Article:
Global development depends in part on access to reliable, affordable, convenient and safe cooking fuels and electricity to power economic growth and improve living standards. People live longer, healthier and more productive lives when they don’t spend hours each day gathering fuel and breathing smoky air, and when they don’t have to stop reading, studying or working when it is dark.
Today, 1.3 billion people lack access to electricity and roughly 2.7 billion are without access to clean, safe cooking fuel. Giving them access to such energy is a development imperative. At the same time, successfully confronting climate change, the impacts of which are already being felt disproportionately by the poor, will require a global shift toward sustainable energy — namely a mix of renewable energy sources, fossil fuels and energy-efficiency measures that by mid-century produce zero or minimal greenhouse gas emissions.
Because unmanageable climate change risks threaten to reverse hard-won development gains, efforts to end energy poverty must be compatible with climate goals. Fortunately, the two are compatible. The International Energy Agency estimates that ending energy poverty using a mix of energy sources and policies would only increase carbon dioxide emissions by 0.7 percent in 2030.
Exciting things are happening on energy. Improved cook stoves, new inexpensive solar lanterns and numerous other technologies are saving lives, improving the quality of life, and creating new livelihoods in even the most impoverished, rural areas. Today, many companies and governments around the world have the technological and managerial skills and financial expertise to help address the sustainable energy challenge, while environmental and poverty-oriented NGOs have large networks of supporters for whom these issues have strong resonance.
What’s lacking most are creative and politically feasible partnerships to scale up these efforts and mobilize financial resources. Fortunately, the occasion of the United Nations Conference on Sustainable Development (Rio+20), which marks the 20th anniversary of the original Earth Summit in Rio de Janeiro this June, provides a useful fulcrum for lifting global ambitions.
At the Rio+20 Conference, world leaders, along with some 50,000 participants from governments, the private sector, NGOs and other groups, will come together and try to agree on an “outcome document” detailing ways to reduce poverty, advance social equity, and ensure environmental protection on an increasingly crowded planet.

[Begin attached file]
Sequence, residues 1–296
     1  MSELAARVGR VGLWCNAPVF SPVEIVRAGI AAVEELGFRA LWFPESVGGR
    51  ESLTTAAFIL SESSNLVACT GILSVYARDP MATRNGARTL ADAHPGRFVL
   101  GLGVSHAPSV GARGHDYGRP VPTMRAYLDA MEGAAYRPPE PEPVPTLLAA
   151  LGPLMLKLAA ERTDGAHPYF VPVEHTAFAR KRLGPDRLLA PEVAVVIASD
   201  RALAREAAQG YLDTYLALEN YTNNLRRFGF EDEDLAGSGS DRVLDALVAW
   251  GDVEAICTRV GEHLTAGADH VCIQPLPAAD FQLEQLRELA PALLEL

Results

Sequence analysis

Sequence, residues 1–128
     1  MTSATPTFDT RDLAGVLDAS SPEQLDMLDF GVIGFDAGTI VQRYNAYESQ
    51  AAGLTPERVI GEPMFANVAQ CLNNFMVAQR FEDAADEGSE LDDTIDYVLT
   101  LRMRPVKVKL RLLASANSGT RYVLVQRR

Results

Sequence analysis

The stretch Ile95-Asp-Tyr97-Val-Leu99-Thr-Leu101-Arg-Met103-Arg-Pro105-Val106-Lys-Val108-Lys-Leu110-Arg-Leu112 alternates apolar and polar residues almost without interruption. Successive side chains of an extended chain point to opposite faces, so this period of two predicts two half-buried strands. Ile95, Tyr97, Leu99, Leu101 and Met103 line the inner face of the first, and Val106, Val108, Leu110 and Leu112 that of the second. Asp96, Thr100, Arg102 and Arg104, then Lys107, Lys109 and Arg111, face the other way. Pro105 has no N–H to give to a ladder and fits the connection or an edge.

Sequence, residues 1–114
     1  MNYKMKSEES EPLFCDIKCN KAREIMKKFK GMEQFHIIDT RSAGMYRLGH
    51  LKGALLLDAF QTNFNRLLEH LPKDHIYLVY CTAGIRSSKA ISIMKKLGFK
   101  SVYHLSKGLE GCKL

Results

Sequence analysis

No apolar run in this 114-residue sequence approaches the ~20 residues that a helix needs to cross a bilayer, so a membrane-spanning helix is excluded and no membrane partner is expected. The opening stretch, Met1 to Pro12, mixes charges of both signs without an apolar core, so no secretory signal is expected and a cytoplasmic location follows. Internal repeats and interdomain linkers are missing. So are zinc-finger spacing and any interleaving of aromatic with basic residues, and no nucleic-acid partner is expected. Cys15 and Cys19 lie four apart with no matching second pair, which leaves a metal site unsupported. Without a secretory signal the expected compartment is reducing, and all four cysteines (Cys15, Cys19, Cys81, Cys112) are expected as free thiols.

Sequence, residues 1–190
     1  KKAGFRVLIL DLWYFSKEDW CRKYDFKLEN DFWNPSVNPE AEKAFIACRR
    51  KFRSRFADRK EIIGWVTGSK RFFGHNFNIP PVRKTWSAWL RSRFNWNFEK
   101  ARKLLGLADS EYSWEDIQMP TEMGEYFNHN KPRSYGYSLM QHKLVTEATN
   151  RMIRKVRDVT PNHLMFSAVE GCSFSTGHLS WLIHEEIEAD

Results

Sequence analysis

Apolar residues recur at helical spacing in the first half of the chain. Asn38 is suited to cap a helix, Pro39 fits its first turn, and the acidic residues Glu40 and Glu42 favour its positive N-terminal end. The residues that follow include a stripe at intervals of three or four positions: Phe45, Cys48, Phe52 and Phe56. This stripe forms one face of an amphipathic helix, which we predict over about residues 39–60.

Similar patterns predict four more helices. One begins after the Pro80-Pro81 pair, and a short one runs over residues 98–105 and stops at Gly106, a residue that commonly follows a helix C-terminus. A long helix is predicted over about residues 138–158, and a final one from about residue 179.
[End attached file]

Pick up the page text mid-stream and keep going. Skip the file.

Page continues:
However, with the United States in the midst of a presidential election campaign, high unemployment rates and financial uncertainty, the nation, like many others, is squarely focused on pressing domestic challenges. There is almost no appetite for new international commitments and little pressure from U.S. constituents to deliver at Rio+20. Environmental groups are concerned primarily about domestic energy and clean air policies. Development advocates are working hard to avoid draconian budget cuts to foreign aid programs that may flow from the deficit reduction law passed in 2011.
Still, many around the world are eager for stronger U.S. leadership to advance both the vision and promise of sustainable development, and outlining a clear vision and a concrete set of policies for global sustainable development would be good U.S. foreign policy. These are important challenges, and America has much to offer if it decides to engage. To that end, we have outlined a number of politically feasible recommendations for the Obama administration and Congress to consider — ideas that would contribute to the global effort to realize sustainable energy for all at Rio+20.
To begin with, the United States should support the U.N. secretary-general’s “Sustainable Energy for All” initiative (sometimes referred to as “SE4ALL”), which proposes that governments, businesses and civil society commit to three complementary goals to be achieved by 2030: 1) ensure universal access to modern energy services, 2) double the global rate of improvement in energy efficiency, and 3) double the share of renewable energy in the global energy mix.
While these goals lack measurability as currently conceived (there are no baselines against which to judge progress) and perhaps also a degree of ambition if defined too loosely, new energy goals (like the Millennium Development Goals they mimic) would likely bring greater global attention to energy poverty and over time greater resources to bear on sustainable energy deployment. At Rio, therefore, the United States could at a minimum work to ensure that the international community endorses the secretary-general’s objectives and folds them into a member state-driven process to refine and expand by a date certain.
Second, the United States should offer concrete ideas for how to scale up technical assistance and knowledge sharing on best-practice policies that will help channel the $5 trillion invested annually in energy infrastructure projects to sustainable alternatives. For example, the Clean Energy Solutions Center, a virtual network of experts on and tools for energy policy funded by the United States and Australia through the Clean Energy Ministerial, should be expanded. The virtual network should integrate the technical capacity of existing bricks-and-mortar centers of applied policy research across the world. Strengthening this global network would enable nations to build domestic capacity and gather helpful insights about how best to achieve sustainable energy, building on lessons learned elsewhere. To be effective, these institutions should be prefunded by the international community to assist any government with the political will to tailor and implement proven policies for achieving sustainable energy for all.